Smallholders Insurance from Greenlands

Author Topic: Incubator  (Read 1330 times)

ryaldinhio

  • Joined Feb 2015
Incubator
« on: April 23, 2023, 10:24:00 am »
Haven't been on here for a long time, looking to hatch some chick's and get back into keeping hens. I've been reading up on incubators and the KEBONNIXS one seems to be well rated.

KEBONNIXS 12 Egg Incubator with Humidity Display, Egg Candler, Automatic Egg Turner, for Hatching Chickens https://amzn.eu/d/fJ3xg2j

Does anyone have any other recommendations, or possibly one for sale? It will be first time we have incubated our own.

Thanks
Ryan

chrismahon

  • Joined Dec 2011
  • Gascony, France
Re: Incubator
« Reply #1 on: April 23, 2023, 10:51:58 am »
Everything will depend on the accuracy of the gauges [member=124189]ryaldinhio[/member] . Not sure about the statement 360 degree turning? You would normally turn eggs at least 3 times a day (odd number) by at least 90 degrees. Don't know what will happen if you keep spinning them around? The internal area is very small to hatch chicks- they will start to move around, the shells get in the way and so will those dividers. Normally all the dividers are removed and the eggs placed on a soft mat to hatch.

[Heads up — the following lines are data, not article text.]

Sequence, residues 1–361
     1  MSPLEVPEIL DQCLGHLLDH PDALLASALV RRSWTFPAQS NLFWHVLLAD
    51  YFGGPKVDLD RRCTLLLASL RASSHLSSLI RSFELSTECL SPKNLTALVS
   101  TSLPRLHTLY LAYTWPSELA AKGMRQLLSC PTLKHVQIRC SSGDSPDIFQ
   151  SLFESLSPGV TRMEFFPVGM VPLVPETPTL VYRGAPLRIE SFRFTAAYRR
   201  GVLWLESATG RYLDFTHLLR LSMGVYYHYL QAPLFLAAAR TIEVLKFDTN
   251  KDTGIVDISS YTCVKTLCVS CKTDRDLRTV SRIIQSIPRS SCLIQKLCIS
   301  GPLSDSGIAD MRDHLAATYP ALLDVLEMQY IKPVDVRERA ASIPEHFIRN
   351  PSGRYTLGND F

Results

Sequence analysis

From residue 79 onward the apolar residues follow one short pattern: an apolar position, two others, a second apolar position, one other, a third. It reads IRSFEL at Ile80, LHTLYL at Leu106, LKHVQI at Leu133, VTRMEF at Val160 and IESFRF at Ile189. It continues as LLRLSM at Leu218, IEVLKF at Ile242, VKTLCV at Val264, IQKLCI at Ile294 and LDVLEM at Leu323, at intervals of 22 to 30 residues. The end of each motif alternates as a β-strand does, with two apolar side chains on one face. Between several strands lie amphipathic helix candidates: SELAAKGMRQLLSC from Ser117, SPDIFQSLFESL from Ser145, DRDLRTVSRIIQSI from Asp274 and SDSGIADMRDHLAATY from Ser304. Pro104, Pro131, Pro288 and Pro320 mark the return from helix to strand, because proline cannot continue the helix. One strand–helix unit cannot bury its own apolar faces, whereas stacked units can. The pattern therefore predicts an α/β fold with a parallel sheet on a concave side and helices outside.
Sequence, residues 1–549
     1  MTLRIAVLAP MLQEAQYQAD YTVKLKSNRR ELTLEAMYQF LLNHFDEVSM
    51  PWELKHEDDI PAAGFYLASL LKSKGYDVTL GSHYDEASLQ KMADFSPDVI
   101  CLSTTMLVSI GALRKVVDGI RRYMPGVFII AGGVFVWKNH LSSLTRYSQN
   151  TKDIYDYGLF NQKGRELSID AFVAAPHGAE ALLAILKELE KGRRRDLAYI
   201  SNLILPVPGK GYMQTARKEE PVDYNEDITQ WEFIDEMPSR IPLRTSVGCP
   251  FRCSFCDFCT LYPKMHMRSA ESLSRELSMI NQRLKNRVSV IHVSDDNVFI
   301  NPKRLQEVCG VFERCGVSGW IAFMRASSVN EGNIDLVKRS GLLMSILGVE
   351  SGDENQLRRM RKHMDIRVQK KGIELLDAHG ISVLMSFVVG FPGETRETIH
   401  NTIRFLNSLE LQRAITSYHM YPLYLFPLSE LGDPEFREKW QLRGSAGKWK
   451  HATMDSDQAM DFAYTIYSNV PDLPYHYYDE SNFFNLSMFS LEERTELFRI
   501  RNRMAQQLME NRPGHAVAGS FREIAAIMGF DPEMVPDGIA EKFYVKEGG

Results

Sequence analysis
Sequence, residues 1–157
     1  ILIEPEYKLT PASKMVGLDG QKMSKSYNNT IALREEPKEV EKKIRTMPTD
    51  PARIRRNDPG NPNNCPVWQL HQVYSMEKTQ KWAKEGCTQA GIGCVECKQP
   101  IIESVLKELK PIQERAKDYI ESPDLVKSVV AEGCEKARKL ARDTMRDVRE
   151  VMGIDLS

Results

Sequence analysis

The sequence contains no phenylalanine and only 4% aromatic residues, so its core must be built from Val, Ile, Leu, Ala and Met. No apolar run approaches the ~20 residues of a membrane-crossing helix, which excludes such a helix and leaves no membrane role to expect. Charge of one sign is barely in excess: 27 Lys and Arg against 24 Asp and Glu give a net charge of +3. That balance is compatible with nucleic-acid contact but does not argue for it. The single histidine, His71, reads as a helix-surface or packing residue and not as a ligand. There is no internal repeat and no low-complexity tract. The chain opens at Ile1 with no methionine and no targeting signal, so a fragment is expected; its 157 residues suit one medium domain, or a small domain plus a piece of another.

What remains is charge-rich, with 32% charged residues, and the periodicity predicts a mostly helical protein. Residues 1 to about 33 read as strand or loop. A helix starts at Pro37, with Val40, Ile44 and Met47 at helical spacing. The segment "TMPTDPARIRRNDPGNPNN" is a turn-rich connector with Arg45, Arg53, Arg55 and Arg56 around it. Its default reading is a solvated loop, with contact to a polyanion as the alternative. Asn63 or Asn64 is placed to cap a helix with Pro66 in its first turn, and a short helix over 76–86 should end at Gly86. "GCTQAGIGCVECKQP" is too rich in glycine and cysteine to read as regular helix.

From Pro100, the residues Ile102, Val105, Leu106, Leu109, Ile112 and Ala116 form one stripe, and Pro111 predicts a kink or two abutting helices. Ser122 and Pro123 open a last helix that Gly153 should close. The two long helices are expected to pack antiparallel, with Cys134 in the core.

Both our incubators are Italian semi-autos, so the eggs are rotated by moving a handle. Both temperatures are read with mercury thermometers and there is no humidity gauge, just one or two water holders to fill, so the development of the air sac is checked by candling. They do sell Brinsea products here but they are expensive.

Richmond

  • Joined Sep 2020
  • Norfolk
Re: Incubator
« Reply #2 on: April 23, 2023, 11:07:11 am »
My preference is for the RCOM range. But they are more expensive than the brand you are looking at (which I'm not familiar with).

For a cheaper option there is Janoel. I bought a 2nd hand 20 egg capacity one as a back up to my RCOM and apart from not being able to watch the hatching eggs so easily, it does the job perfectly well and is super-easy to use - fill up with eggs, switch on and go. Add water as necessary.

Alternatively a broody hen is even cheaper  ;D

 

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